The NIH statement appears to support UC San Diego’s contention that the contracts that control funding from the National Institute of Aging and pharmaceutical sponsors like Eli Lilly were awarded to UC San Diego—not Aisen. Moreover, a statement released by UC San Diego after the court hearing asserted that UCSD—not Aisen— “is contractually obligated by its agreements with the NIH and research partners to maintain and safeguard data from clinical studies conducted by ADCS. ”
According to the UCSD statement, Aisen and USC have prevented UC San Diego from carrying out those contractual obligations. What Aisen has done, UCSD says in the statement, is “akin to taking another’s keys and car without permission because you believe you’re a better driver.”
Undeterred, Aisen has rallied support for his cause. USC submitted letters to the court supporting Aisen from four prominent ADCS-funded scientists—Harvard’s Reisa Sperling, Yale’s Christopher van Dyck and Stephan Strittmater, and Wake Forest’s Suzanne Craft. They all emphasize that in the short term, Aisen and his team are best equipped to manage day-to-day operations of the Alzheimer’s study until the dispute can be resolved.
Another letter from Eli Lilly & Co., which is funding a landmark ADCS study intended to test whether an experimental drug can slow the memory loss associated with Alzheimer’s, warns that any “near term action to remove administrative control from the study leaders (Aisen and Sperling) could jeopardize patient safety, study quality, and otherwise negatively impact our ability to fulfill our sponsor obligations.”
However, the letter from Lilly also states, “Regarding the A4 study data, the current contract states that it is jointly owned by Lilly and UCSD.”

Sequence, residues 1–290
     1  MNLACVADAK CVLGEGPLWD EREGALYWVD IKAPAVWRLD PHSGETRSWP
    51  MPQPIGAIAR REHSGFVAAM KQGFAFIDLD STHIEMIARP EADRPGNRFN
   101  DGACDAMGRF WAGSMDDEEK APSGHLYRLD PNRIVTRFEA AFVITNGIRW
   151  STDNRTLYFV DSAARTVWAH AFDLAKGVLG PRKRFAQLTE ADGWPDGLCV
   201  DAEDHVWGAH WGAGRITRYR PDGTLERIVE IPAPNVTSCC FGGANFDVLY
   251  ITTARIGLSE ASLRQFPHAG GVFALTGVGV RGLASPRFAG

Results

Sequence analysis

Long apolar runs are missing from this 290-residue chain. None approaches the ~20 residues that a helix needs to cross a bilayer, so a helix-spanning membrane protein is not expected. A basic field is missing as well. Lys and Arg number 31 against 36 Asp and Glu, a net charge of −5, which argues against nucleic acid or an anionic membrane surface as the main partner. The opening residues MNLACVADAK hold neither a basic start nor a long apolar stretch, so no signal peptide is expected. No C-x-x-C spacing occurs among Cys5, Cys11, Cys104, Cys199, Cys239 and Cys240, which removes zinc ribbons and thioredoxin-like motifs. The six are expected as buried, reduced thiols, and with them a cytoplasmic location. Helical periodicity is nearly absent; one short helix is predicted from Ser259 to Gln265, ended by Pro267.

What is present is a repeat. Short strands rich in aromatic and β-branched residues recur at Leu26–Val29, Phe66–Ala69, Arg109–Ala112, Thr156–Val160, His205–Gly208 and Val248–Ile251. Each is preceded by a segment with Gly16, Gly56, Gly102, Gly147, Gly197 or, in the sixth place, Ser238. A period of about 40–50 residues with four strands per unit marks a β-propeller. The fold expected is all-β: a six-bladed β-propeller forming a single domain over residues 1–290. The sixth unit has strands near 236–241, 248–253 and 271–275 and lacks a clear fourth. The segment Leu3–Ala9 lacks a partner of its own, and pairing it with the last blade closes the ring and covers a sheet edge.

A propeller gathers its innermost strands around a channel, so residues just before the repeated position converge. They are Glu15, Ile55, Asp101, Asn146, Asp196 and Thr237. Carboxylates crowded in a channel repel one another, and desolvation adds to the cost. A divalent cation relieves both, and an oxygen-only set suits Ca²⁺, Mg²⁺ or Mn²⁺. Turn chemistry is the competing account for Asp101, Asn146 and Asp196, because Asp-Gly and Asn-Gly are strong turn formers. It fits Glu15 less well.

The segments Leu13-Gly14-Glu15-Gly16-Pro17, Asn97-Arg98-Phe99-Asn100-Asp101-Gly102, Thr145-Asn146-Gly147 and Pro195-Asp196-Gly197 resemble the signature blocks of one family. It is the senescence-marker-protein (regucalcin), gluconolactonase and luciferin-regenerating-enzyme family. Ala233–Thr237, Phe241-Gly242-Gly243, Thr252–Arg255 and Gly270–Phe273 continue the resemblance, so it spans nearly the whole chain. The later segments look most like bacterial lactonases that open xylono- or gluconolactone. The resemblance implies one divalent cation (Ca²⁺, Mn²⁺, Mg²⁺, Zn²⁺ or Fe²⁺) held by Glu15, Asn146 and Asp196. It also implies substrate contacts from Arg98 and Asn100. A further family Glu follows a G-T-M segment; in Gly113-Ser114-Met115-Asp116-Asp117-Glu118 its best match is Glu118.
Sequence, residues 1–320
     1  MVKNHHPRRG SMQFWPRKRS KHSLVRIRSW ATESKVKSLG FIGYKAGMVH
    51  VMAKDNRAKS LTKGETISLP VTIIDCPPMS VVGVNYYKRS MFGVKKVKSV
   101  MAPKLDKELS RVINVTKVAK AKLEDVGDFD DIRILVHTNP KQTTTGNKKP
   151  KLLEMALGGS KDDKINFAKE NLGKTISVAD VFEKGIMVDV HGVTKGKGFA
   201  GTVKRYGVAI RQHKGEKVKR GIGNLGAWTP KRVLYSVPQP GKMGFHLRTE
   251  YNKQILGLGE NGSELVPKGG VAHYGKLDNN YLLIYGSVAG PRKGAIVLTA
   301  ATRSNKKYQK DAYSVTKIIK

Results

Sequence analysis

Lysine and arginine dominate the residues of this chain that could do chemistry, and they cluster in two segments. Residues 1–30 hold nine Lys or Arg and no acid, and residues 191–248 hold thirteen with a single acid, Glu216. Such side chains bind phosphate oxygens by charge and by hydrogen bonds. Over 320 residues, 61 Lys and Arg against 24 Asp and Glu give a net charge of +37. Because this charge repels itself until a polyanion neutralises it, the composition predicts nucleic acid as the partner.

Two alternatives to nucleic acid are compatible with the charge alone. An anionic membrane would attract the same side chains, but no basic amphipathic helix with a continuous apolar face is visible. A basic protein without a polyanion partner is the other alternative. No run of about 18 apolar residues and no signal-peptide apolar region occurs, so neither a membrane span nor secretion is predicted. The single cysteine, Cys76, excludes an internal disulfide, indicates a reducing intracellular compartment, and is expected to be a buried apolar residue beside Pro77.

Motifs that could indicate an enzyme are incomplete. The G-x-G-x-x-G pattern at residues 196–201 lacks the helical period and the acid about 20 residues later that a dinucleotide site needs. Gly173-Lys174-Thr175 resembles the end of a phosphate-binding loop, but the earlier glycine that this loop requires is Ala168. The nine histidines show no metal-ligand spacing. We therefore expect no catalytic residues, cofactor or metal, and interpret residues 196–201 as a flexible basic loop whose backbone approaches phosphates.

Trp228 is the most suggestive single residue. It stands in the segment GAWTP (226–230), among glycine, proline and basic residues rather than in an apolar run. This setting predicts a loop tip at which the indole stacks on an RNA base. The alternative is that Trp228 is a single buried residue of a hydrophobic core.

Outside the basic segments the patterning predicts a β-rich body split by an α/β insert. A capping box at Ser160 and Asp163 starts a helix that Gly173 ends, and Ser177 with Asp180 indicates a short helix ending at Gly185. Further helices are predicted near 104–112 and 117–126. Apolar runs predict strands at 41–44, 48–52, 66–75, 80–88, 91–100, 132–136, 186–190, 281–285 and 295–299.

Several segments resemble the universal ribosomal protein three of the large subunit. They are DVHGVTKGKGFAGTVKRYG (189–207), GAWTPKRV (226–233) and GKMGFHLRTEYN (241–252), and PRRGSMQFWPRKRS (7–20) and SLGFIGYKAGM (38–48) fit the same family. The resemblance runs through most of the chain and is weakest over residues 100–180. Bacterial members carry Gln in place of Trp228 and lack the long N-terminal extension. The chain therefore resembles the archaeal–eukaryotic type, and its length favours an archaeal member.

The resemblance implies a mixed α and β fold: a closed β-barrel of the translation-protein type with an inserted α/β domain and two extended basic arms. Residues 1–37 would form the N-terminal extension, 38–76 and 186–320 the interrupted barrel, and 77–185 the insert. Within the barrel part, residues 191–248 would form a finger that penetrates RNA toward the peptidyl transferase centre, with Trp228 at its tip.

Whether this means the Alzheimer’s study will move to USC, stay with UC San Diego, or result in some kind of shared oversight will likely depend on negotiations that haven’t yet begun between two research universities that are still snarling at each other.
So what’s at stake in this fight?
UC San Diego and the National Institute on Aging (NIA) founded the ADCS in 1991 as a kind of joint venture to facilitate the discovery, development, and testing of new drugs for the treatment of Alzheimer’s disease. The program coordinates Alzheimer’s research among 35 primary and 50 affiliate research sites throughout the United States and Canada. Total funding for the program from both federal and private sources amounts to about $100 million.
But the fight for control of the program clearly comes at the expense of collaborative research efforts, and might even affect progress on potential Alzheimer’s therapies.
In response to a query from Xconomy, an NIA spokeswoman wrote in an e-mail that the NIH agency overseeing Alzheimer’s study wants to assure “participants, the ADCS network of sites, and the research community that we are aware of this situation and are doing everything we can to support the ADCS and keep it moving forward.”
In an official statement, the NIA concluded: “The NIA’s goal is to ensure that operations of the ADCS network continue as seamlessly as possible, with a focus on the safety of study participants and the integrity and utility of data from ongoing ADCS studies.”
In Southern California, the stakes include a broad effort—led largely by USC—to build a new hub for life sciences innovation in Los Angeles. Fueled by a fund-raising campaign that has raised $4.3 billion since 2011, USC has been aggressively recruiting elite scientists in a quest to boost its prestige.
If successful, a proliferation of biotech, pharmaceutical, and medical device companies in Los Angeles would presumably strengthen the industry throughout Southern California—unless of course a schism opens between life sciences leaders in Los Angeles and San Diego.
The San Diego Superior Court judge handling the dispute issued no rulings last week, and continued the hearing in the matter until July 24.